In tbe argument here, tbe defendant seeks to sustain bis demurrer in tbat respect upon tbe ground tbat tbe alleged contract upon which tbe trust is grounded was not in writing and was, therefore, void under tbe statute of frauds, G. S., 22-2; further, tbat it must fail for want of consideration, since tbe only consideration supporting. it — -namely, to refrain from bidding at a public auction — is in violation of public policy.

If it be conceded for tbe purpose of discussion and analysis, only, tbat tbe contract upon which tbe trust is grounded is covered by tbe statute of frauds, tbe question of its validity cannot be' raised by demurrer. Contracts required to be in writing, G. S., 22-2, but which are actually in parol, are vulnerable in two respects : They are not valid if tbe person sought to be charged so elects; and parol evidence to establish them cannot be introduced over objection. Procedurally, tbe defense of tbe statute of frauds cannot be taken advantage of by demurrer; Hemmings v. Doss, 125 N. 0., 400, 402, 34 S. E-., 511; Stephens v. Midyette, 161 N. C., 323, If S. E., 423; it can only be raised by answer.' This may be done in either of two ways: Tbe defendant may plead tbe statute, in which case when it develops on the trial tbat tbe contract is in parol, it must be declared invalid; or tbe defendant may enter a general denial, and on trial may object to tbe parol evidence to establish tbe contract, which will be equally fatal to tbe maintenance of tbe action; McCall v. Textile Ind. Inst., 189 N. O., 775, 128 S. E., 349, 353. See, also, Luton v. Badham, 127 N. C., 96, 37 S. E., 143; Winders v. Hill, 144 N. 0., 614, 57 S. E., 456. Compare Ebert v. Disher, 216 N. C., 36, 3 S. E. (2d), 301. ' - •

Moreover, a parol trust of tbe character sought to be established is not within tbe statute, of frauds. Peele v. LeRoy, 222 N. C., 123, 22 S. E. (2d), 244; Brogden v. Gibson, 165 N. C., 16, -80 S. E., 966; Newby v. *816 Realty Go., 182 N. C., 34, 108 S. E., 323; Anderson v. Harrington, 163 N. C., 140, 79 S. E., 426; Riggs v. Swann, 59 N. 0., 118; Shelton v. Shelton, 58 N. 0., 292.

The objection that the alleged contract has no consideration to support it except a forbearance to bid at a public auction sale, which is against public policy, is not well taken. First, it may be questioned whether a parol contract made under the circumstances here alleged requires any consideration. As to the establishment of parol trusts, it is said in Gobi v. Edwards, 117 N. 0., 245, loe. cit. 246, 23 S. E., 241:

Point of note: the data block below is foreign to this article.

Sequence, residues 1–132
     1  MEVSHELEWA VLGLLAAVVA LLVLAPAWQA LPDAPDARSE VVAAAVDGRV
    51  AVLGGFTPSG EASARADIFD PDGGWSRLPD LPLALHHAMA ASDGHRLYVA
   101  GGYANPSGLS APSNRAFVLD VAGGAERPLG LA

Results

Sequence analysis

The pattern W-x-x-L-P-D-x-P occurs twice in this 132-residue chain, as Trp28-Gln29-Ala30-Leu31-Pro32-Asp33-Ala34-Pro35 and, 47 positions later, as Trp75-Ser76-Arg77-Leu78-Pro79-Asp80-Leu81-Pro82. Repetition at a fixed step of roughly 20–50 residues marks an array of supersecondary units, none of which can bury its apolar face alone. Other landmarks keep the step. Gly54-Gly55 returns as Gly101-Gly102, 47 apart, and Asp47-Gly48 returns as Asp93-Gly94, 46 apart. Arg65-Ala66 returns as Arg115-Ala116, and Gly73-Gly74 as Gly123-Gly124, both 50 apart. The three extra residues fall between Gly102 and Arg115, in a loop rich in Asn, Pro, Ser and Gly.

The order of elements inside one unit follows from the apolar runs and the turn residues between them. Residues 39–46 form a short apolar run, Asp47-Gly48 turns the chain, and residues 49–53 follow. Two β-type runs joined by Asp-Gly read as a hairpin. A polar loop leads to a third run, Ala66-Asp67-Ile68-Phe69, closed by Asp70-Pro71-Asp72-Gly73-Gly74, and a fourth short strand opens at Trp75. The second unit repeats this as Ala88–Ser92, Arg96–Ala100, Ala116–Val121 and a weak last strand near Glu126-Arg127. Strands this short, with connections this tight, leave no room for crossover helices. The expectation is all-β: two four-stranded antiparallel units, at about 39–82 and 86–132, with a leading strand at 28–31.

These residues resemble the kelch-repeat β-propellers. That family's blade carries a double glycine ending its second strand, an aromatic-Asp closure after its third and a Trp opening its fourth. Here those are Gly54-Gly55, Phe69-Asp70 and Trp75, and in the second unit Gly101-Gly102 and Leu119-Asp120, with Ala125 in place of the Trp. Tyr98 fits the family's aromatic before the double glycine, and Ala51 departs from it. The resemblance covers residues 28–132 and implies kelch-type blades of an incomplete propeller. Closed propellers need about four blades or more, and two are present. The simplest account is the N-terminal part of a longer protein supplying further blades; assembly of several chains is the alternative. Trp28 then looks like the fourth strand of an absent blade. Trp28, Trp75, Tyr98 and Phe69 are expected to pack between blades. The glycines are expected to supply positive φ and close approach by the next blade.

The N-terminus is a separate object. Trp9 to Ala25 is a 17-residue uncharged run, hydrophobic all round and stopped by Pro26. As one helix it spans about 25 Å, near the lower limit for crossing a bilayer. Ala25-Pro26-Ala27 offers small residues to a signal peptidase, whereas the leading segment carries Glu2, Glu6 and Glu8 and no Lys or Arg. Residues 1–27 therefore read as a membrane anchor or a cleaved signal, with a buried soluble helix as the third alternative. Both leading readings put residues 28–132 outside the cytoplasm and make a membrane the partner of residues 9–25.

“Where it is proved satisfactorily that the purchaser at a judicial sale of land agreed with another previously, in contemplation of or at the time of bidding it off, that he would buy and hold it when bought subject to the right of the latter to repay the purchase money and demand a reconveyance, it has been repeatedly held by this Court that the beneficial interest to which the agreement relates passes with the transmutation of the legal estate, because there is no such requirement in our statute as that contained in 29 Car. II., that declarations of trust shall be manifested and proved by some writing. Shelton v. Shelton, 58 N. C., 292; Pittman v. Pittman, 107 N. C., 159; Gloninger v. Summit, 55 N. C., 513; Gohn v. Chapman, 62 N. C., 94; Hargrave v. King, AO N. C.,. 430; Jones v. Emory, 115 N. 0., 158; Thompson v. Newlin, 38 N. C., 338. But where the grantor by a mere declaration engrafts upon his own deed a trust, the declaration must be neither prior nor subsequent to, but contemporaneous with its execution. Blount v. Washington, 108 N. C., 230; Smiley v. Pearce, 98 N. C., 185.”

C. B. Embler had not acquired the legal title at the time of the alleged agreement with respect thereto. The equitable title to the whole land was in the heirs at law of A. W. Embler, and the parties to the parol contract were co-tenants. The plan upon which they are alleged to have agreed was nothing more than a device by which both the equitable title of all the parties to the agreement, as well as the legal title, which at that time rested in the trustee or mortgagee, could be transmitted, in trust, to one of their number for the benefit of them all. Leflcowiiz v. Silver, 182 N. 0., 339, 344,109 S. E., 56; Kelly v. McNeill, 118 N. 0., 349, 354, 24 S. E., 738. If any consideration was required under the facts of this case, it is sufficiently manifested by the act of the plaintiffs in foregoing their own protection by bidding at the sale. Considering the common interest which all the parties had in the matter, the agreement was not against public policy. Newby v. Really Go., supra, pp. 37, 38. Their interest in the res was at the time unitary, and no public policy would require that they enter a competitive bid at the sale in order to protect it.

For these reasons, the judgment of the court below overruling the demurrer is, in the respects noted,

Modified and affirmed.